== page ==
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Lewisham Council is trying to claw back as much spending as it can

Lewisham Council will have to cut essential services if the Government does not cover the full cost of Covid-19, senior councillors have been warned.
A report due to be presented to elected mayor Damien Egan and his cabinet tomorrow forecasts an overspend for this year of £25.6 million, mostly on services for children and young people. 

The figure takes into account Government funding for the Covid-19 response in Lewisham, which is expected to exceed £50 million. Communities secretary Robert Jenrick recently announced an extra £500 million for councils in England, but local authorities say it will cover “only a fraction” of the cost of the pandemic

Lewisham has warned that without “substantial extra funding” from the government “it will be impossible for local authorities to balance their budgets whilst adequately maintaining essential services”. 

“Taking the estimated costs and lost income considerations of the Covid-19 response and additional support from government into account, the council has sufficient reserves to meet these financial commitments at present,” the report warns.  

“However, without further investment, it is highly likely that members will be faced with some difficult choices and will be met by the inevitability that the council will need to both look different and be required to reduce and cease services in the long term,” according to the report.  

Although nearly half of the anticipated £22.5 million overspend on children and young people is down to the pandemic, the non-Covid-19 related £12.4 million overspend is nearly double that of the previous year (£6.7 million).  Extra Covid-19 costs include home to school transport, school meals, supporting low-income families with food hampers, an increased allowance for foster carers and PPE.

The council has created an action plan to reduce the expected overspend, which it calls a “worst case scenario”. This includes holding monthly meetings to monitor spending, reducing the number of agency staff being used in the department, and reviewing all external contracts.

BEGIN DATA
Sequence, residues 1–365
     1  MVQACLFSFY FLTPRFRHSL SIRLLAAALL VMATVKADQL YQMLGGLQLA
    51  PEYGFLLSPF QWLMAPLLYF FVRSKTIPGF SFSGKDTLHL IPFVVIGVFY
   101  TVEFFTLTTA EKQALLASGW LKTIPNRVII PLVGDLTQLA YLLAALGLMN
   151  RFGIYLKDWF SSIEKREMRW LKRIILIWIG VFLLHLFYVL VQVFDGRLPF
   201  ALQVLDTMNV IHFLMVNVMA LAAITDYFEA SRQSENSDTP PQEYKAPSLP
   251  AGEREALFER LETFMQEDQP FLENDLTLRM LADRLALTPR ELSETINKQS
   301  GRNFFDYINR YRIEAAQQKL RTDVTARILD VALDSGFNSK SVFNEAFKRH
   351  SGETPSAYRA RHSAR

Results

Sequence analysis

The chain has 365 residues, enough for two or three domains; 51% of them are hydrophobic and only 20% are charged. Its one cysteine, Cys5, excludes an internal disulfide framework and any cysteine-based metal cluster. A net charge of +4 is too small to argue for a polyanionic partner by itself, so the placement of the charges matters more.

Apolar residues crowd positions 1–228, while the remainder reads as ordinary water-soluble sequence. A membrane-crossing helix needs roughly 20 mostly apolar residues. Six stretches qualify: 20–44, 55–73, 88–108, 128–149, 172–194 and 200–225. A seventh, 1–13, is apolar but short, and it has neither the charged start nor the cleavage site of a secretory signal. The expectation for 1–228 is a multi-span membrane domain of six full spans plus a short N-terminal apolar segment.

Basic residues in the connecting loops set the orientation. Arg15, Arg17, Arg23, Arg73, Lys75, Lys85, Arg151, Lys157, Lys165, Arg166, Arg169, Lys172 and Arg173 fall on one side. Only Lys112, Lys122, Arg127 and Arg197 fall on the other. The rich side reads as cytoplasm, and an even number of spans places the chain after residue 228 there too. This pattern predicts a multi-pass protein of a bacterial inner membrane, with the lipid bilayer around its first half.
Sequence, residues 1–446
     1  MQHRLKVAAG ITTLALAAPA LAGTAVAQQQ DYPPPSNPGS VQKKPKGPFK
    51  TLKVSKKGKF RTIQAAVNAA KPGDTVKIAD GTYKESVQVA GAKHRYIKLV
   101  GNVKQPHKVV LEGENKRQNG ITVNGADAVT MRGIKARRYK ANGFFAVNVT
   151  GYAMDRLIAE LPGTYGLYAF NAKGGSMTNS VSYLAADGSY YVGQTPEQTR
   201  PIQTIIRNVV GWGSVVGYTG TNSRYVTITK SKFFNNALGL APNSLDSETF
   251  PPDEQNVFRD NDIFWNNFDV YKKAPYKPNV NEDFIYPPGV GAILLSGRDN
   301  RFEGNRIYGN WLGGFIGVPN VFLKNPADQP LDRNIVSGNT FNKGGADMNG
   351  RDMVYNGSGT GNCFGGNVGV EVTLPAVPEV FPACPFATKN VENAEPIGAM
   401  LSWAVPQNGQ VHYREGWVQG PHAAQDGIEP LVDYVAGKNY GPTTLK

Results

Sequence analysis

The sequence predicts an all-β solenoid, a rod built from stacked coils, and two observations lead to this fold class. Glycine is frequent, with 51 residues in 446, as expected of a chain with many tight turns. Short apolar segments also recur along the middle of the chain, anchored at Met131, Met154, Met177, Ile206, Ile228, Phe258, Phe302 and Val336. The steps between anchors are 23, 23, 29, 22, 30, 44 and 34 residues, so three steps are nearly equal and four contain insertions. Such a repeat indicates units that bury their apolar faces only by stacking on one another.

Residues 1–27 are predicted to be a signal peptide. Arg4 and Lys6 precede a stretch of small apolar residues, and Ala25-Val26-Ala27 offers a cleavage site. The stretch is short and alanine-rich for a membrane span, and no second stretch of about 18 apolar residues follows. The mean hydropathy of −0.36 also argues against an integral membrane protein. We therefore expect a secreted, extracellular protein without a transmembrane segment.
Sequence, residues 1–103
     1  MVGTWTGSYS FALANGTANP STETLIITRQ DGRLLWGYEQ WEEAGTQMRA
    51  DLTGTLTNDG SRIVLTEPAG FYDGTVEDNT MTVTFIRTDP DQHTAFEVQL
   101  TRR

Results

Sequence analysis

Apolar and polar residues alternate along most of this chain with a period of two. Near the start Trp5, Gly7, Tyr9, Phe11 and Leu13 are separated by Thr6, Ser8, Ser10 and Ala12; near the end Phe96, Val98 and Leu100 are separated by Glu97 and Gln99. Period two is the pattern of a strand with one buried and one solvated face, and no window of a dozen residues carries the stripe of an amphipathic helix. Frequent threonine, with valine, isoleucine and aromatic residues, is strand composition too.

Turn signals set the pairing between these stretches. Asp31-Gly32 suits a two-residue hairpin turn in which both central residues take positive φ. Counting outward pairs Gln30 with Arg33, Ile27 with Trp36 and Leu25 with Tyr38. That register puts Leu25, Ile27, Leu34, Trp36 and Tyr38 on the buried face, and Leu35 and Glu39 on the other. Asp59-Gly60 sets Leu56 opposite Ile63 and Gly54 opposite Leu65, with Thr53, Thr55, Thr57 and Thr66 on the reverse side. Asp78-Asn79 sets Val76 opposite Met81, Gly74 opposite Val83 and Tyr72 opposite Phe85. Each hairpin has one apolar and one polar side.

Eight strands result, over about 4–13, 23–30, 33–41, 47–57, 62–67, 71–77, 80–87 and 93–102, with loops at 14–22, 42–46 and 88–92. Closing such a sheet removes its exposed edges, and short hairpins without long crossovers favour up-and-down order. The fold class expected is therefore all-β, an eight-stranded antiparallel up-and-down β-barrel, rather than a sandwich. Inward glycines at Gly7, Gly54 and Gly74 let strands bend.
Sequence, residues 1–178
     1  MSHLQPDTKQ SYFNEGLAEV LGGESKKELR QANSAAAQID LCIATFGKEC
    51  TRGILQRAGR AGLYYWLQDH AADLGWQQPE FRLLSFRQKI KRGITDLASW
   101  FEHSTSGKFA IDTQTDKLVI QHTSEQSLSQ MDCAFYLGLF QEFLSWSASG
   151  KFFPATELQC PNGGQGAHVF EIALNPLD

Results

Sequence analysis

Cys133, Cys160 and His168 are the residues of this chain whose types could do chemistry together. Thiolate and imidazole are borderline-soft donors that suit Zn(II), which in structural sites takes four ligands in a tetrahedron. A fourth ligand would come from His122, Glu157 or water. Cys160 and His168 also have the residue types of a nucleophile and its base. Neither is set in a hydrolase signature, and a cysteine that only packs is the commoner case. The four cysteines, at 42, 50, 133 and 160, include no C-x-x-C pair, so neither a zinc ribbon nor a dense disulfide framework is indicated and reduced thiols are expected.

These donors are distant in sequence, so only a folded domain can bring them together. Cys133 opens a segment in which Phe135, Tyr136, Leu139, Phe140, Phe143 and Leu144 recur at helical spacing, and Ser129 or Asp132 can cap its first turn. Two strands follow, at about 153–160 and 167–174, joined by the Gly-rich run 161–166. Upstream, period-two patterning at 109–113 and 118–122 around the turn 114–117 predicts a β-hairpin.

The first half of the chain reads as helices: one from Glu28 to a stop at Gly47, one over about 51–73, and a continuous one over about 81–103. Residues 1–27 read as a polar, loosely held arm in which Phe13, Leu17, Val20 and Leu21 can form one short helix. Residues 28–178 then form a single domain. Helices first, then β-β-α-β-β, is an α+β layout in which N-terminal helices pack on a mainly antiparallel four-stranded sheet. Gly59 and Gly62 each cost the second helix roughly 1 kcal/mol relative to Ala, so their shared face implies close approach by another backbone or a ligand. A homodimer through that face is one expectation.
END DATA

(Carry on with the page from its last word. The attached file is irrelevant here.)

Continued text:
Amanda De Ryk, the cabinet member for finance and resources said: “Lewisham Council has been on the frontline of fighting coronavirus and our priority will always be to protect the most vulnerable in our community.  Like all local authorities across London and the country, our emergency response to the pandemic has had a significant impact on our finances.  

“The government previously promised to do ‘whatever it takes’ to support local councils to meet the cost of Covid-19, but has since indicated that it will not cover all costs and lost income.  

“We are urging the government to properly fund local councils, as failure to do so will unfortunately mean some very difficult decisions on vital services that our residents need.” 

Council officers will put forward a “stabilisation” budget in the autumn to confirm the authority’s position for the remainder of the financial year.

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Grainne Cuffe is the Local Democracy Reporter for Lewisham. The Local Democracy Reporter Service is a BBC-funded initiative to ensure councils are covered properly in local media.
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